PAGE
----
I begin with a quote taken from the United States Congress meeting entitled Rape as a Weapon of War: Accountability for Sexual Violence in Conflict:

I am sorry to say that if a foreign warlord who engaged in mass rape came to the United States of America today, he would probably be beyond the reach of our laws. It is not a crime under U.S. law for a non-U.S. national to perpetrate sexual violence in conflict against non-U.S. nationals…there is also no U.S. law prohibiting crimes against humanity, one of the most serious human rights violations, which includes mass rape and other forms of sexual violence.

As far as protection in the women’s own countries goes, Carter reports that many judges require the rape to have been witnessed by four “competent” men. Or, in other cases, some judges accept the testimony of a man who swears on the Koran that he did not commit the rape for which he is being prosecuted, but at the same time will not accept the contrary testimony from a woman that she was, in fact, raped. If a woman is unable to prove that she did not consent to intercourse she risks being charged with a crime for which unmarried women receive one hundred lashes upon conviction and married women are sentenced to death by stoning (Carter 358).

The victims are also rejected by their families and communities. Because the women are now “abject,” survivors face a lifetime of stigma and marginalization from their own families and communities” (Lacey 1). When Human Rights Watch conducted interviews with rape victims, many reported they are afraid that their husbands would reject or kill them if they told them about the abuse. Rape humiliates the husband and may cause a desperate ‘acting out’ through which the victim is punished a second time (“Becoming Abject” 117).

For these reasons, the likelihood that women will be raped, shamed, and isolated is increased in cultures with strong religious traditions. In addition, the risk that women will be falsely accused of adultery and raped as humiliation and punishment also increases. These factors make it unlikely that most victims will ever report their crimes (Kivlahan and Ewigman 1).


With such a bleak outlook for women’s rights, women can only hope that their voices will be heard. By declaring rape as a weapon of war, the U.N. established that the world would no longer tolerate such criminal actions and brutality against women and children. Even so, the haunting words of Susan Griffin in Rape: The Politics of Consciousness continue to resonate for those who were victimized:

The act of rape for a woman is of its very nature never predictable, never chosen, never a fight one has wagered on, always a surprise attack, and for no reason. In the moment of rape a woman becomes anonymous. Like all victims of terrorism, there is something awesomely accidental about her fate…Absorbed by his violence, her soul and the history of her soul are lost, are irrelevant.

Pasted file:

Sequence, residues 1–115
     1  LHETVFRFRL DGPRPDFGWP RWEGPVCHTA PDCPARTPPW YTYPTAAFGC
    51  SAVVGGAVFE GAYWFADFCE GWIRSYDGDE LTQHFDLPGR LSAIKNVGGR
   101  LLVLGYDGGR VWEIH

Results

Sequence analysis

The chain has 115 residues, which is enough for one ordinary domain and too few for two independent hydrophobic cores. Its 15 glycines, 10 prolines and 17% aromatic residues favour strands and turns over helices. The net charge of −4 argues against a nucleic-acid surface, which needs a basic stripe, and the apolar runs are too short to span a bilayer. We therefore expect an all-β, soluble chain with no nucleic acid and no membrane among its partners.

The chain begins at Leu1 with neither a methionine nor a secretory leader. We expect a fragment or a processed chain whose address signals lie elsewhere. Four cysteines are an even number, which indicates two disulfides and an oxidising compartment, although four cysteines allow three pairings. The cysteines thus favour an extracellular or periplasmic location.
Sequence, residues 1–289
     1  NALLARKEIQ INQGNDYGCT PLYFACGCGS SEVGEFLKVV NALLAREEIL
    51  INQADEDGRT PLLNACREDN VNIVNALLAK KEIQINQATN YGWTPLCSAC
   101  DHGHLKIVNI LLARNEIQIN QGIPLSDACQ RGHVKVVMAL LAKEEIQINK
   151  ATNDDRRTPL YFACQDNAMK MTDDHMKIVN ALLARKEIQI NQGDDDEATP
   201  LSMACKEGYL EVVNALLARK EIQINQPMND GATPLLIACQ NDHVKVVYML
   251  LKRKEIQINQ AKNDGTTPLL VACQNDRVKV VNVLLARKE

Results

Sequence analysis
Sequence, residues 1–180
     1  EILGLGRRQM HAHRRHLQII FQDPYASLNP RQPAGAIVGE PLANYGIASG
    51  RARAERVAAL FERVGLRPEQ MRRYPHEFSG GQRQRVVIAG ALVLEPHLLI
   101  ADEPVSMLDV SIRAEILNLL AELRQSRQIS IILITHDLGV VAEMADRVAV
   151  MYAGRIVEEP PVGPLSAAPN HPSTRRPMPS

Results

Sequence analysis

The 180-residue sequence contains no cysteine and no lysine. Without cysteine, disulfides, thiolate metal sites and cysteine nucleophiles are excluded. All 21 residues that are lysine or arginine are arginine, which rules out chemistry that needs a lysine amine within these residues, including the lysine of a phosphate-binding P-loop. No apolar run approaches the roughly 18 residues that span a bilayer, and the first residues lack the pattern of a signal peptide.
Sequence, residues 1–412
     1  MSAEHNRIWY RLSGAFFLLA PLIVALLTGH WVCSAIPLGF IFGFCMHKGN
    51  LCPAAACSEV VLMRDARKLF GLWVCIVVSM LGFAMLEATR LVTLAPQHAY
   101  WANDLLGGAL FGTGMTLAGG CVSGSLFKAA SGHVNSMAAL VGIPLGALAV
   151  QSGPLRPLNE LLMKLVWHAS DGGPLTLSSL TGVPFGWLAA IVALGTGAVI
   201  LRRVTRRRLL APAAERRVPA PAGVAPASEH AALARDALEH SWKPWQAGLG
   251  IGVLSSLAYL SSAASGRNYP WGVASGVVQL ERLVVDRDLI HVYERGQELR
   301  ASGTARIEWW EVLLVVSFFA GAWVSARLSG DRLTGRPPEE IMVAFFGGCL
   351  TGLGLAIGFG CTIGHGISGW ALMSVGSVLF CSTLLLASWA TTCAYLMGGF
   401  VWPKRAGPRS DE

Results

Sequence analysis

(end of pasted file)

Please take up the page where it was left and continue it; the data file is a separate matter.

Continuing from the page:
Let us hope and dream of a world where faces are not anonymous; organizations that seemingly advocate for the innocent are not harboring to “amnesty”; let us hope that one day eight pages of documentation can be devoted to the lives and happiness of women that deserve nothing less.

Works Cited

  1. “Becoming Abject: Rape as a Weapon of War.” Body & Society. Mar. 2005. 11:111-128. SAGE Publications. The Pennsylvania State University Library Catalog. 10 Dec. 2012.
  1. Buss, Doris E. “Rethinking ‘Rape as a Weapon of War.” Feminist Legal Studies. 17.2 (2009): 145-163. The Pennsylvania State University Library Catalog. 10 Dec. 2012.
  1. Card, Claudia. “Rape as a Weapon of War. 11.4:5-18. Blackwell Publishing Ltd. 1996. The Pennsylvania State University Library Catalog. 10 Dec. 2012.
  1. Carter, K.R. “Should International Relations Consider Rape a Weapon of War?” Politics & Gender. 6.3.343.2010. The Pennsylvania State University Library Catalog. 10 Dec. 2012.
  1. Franco, Jean. “Rape: A WEAPON OF WAR.” Social Text. 25.2 (2007):23-37. Academic Search Complete. The Pennsylvania State University Library Catalog. 10 Dec. 2012.
  1. Frederick, Sharon, and The Aware Committee on Rape. Rape: Weapon of Terror. New Jersey. Global Publishing Co, Inc. 2001. Print.
  1. Griffin, Susan. Rape: The Politics of Consciousness. New York. Harper & Row, Publishers, Inc. 1986. Print.
  1. Kivlahan, Coleen and Nate Ewigman. “Rape as a Weapon of War in Modern Conflict.” BMJ (Clinical Research edu.).0624:1. 3270. The Pennsylvania State University Library Catalog. 10 Dec. 2012.
  1. Kristof, Nicholas D., and Sheryl WuDunn. Half The Sky. New York. Vintage Books. 2009. Print.

10. Lacey, Marc. “Report on Sudan Calls Rape ‘Weapon of War.’” International Herald Tribune. 20 July 2004: 7. Global Issues in Context. The Pennsylvania State University Library Catalog. 10 Dec. 2012.

11. Maedl, Anna. “Rape as a Weapon of War in the Eastern DRC?: The Victims’ Perspective.” Human Rights Quarterly. 33.1.2011:128-147. Project MUSE. The Pennsylvania State University Library Catalog. 12 Dec. 2012.

12. “Report on Sudan Calls Rape ‘Weapon of War.’” The International Herald Tribune. 20 July 2004. LexisNexis Academic. The Pennsylvania State University Library Catalog. 14 Dec. 2012.

13. United States Congress. Senate Committee on the Judiciary. Subcommittee on Human Rights and the Law. Rape as a Weapon of War: Accountability for Sexual Violence in Conflict.S. G.P.O. 2008. The Pennsylvania State University Library Catalog. Web. 10 Dec. 2012.